We all know from everything we read, watch and see in the media, that breast cancer is meant to be hard, but to me it hasn’t been. I have been surrounded by nothing less that total support from my friends and family, and not once have I been looked at with pity or treated as an invalid. I love that others are curious and want to learn about my experience – if my story can help them, I am more than happy to be open and share everything I have learned.
Cancer has changed me though. I think I am a stronger person for the experience. I know now that I can be tested and survive, flourish even. I focus a lot now on the power of thinking positive and consciously stopping the negative thoughts taking over. Oh, every day I still think about cancer hundreds of times, and I will always carry the worry of it coming back, but I’ve found a place where I am okay with those thoughts and they don’t run my life.
I think I’ve also become even more intolerant to (for want of a better word) bullshit! I was never one to conform to the norm before, but even more now I am living the life I want to lead. Take me or leave me, I will be okay either way! I am better too at “not sweating the small stuff”. I don’t know if it’s because my life is a lot simpler or if I have truely learned to deal with things better.
I can’t let this go without a brief mention of Covid-19. In a kind of weird way, it made life easier on both accounts to be dealing with Covid-19 and breast cancer at the same time. While this is definitely not the case for those who have had chemo and therefore their immunity is suppressed, for me it meant it was easy to stay home, rest and recover as well as I could.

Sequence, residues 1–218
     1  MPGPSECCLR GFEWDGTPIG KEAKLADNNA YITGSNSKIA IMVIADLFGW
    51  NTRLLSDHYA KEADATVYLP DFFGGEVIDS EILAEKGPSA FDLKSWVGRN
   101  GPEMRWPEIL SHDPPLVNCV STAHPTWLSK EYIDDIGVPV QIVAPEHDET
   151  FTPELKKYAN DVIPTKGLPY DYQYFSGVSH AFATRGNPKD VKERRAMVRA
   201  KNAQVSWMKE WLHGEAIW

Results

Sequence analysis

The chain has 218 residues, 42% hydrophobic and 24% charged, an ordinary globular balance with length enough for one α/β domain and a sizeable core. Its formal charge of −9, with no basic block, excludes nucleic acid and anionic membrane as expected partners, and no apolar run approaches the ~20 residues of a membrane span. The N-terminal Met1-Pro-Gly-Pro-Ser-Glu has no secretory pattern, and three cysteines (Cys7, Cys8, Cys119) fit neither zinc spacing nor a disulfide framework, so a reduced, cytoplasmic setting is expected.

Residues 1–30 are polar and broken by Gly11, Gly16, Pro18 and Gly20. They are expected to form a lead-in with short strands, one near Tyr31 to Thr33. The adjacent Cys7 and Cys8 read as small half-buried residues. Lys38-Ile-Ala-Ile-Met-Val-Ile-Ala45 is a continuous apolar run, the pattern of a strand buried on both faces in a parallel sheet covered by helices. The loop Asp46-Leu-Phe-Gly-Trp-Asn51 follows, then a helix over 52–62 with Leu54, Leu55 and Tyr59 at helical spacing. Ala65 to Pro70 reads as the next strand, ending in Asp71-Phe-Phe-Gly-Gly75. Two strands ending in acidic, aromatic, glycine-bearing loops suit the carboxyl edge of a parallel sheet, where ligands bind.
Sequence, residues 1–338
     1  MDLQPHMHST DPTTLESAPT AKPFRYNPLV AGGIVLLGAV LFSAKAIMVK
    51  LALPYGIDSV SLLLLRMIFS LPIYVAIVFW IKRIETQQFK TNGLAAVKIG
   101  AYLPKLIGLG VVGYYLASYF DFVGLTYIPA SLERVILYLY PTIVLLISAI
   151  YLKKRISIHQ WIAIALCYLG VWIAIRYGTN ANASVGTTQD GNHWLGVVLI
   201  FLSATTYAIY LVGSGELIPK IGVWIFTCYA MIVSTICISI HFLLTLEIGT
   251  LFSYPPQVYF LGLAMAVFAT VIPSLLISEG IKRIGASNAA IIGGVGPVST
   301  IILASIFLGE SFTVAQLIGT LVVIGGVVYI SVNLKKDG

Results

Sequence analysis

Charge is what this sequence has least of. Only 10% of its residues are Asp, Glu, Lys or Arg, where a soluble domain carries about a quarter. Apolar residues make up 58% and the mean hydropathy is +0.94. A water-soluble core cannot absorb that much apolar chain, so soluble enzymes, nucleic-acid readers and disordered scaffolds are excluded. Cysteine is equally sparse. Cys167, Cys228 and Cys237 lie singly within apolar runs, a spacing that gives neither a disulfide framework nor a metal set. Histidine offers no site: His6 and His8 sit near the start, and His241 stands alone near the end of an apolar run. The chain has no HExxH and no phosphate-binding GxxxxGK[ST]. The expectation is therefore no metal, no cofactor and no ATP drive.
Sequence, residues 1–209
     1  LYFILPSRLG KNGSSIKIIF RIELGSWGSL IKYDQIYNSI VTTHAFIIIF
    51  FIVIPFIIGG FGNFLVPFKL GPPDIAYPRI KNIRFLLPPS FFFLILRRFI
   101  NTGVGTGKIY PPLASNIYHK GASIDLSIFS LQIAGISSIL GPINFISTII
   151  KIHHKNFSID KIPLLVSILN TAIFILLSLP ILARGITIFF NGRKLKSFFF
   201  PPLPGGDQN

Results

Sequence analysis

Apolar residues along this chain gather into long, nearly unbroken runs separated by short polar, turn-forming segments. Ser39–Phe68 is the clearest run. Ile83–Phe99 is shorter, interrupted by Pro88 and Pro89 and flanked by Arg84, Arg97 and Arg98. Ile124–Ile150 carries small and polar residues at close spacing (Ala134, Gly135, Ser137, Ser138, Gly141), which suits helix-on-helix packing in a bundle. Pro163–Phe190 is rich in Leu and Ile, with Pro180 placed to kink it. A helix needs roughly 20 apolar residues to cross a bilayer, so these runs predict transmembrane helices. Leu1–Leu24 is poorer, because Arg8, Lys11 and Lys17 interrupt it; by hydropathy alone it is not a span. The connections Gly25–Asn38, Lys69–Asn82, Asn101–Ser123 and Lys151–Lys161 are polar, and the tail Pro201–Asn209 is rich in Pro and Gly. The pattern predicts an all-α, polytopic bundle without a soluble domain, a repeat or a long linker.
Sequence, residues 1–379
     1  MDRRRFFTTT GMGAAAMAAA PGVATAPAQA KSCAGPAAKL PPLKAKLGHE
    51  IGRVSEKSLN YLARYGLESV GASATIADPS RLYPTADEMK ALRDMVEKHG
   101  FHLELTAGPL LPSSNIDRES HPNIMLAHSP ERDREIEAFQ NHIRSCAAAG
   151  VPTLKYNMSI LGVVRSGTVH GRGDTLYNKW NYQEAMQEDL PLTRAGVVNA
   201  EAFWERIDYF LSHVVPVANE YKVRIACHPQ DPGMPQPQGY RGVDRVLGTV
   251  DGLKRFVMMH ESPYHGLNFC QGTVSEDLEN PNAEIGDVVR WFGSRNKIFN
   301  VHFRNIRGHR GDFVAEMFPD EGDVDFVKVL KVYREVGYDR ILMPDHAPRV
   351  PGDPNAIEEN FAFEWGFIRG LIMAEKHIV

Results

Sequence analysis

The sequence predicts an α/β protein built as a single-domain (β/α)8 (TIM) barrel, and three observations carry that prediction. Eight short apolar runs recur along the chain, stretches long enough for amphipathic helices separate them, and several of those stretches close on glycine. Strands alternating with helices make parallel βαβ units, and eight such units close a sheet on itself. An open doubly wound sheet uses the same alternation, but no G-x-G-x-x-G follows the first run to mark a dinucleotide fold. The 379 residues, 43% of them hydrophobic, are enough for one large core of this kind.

I didn’t have to worry about social outings or all those extra things that I might have been expected to do to in a normal year. I’ve had two surgeries during Covid, but luckily here in South Australia our cases have been exceptionally low, so while of course there have been precautions in place and some things have changed, it wasn’t too bad.
So now, it’s onwards and upwards! I’ve ticked off that first year of being cancer free, let’s hope for many more!
Want to read more of my story? Here are some of the key posts
Wishing you many, many more as well 🍾🥂
Thank you Sally 🙂
Josie, I have to thank you for being so open and sharing your story. My journey started in July of 2020 when I was diagnosed with DCIS, originally in one breast and then both following an MRI biopsy. I had triple lumpectomies and similar to you, they did not achieve a clean margin on any of the 3 areas. My surgeon strongly recommended a bilateral mastectomy. It was a tough decision but I knew I had to do it. Mine was done Dec. 15th. They were able to do one implant, but had to do a tissue expander on one side. I have one more fill on that side before the final surgery and my plastic surgeon has recommended we swap the existing implant for a slightly different size based on how it has settled. Your descriptions of pain levels and progress have greatly mirrored mine. I reread your section on the swap surgery today and it gives me great comfort going into this next phase. I’m anxious to hear about the tattoo process, as the nipple reconstruction decisions are next on my radar. Thank you so much for being so open and honest about your experience. It has helped more than you know. Best wishes for continued success in your journey.
Thank you Joyce. I will be putting something up in the next week or two about the nipple tattoo process. Good luck with your continued treatment.
I had my nipple reconstruction almost 4 weeks ago and they are HUGE! When you said yours were huge, how big were they? They look perfect now.
They would have been sticking out almost a centimetre I would say! Not a pretty sight for of sutures too 🙂
Thank you for sharing your story. I also got cancer during Covid and didn’t need to do chemo or radiation. I only had one (34G) breast removed, but after 16 months, I am finally starting reconstruction. You look great!
Thank you so much. Good luck with your reconstruction 🙂
Thanks for sharing! I had a mastectomy for DCIS in 2020. I can relate to the Survivor Guilt.
Thanks Julie 🙂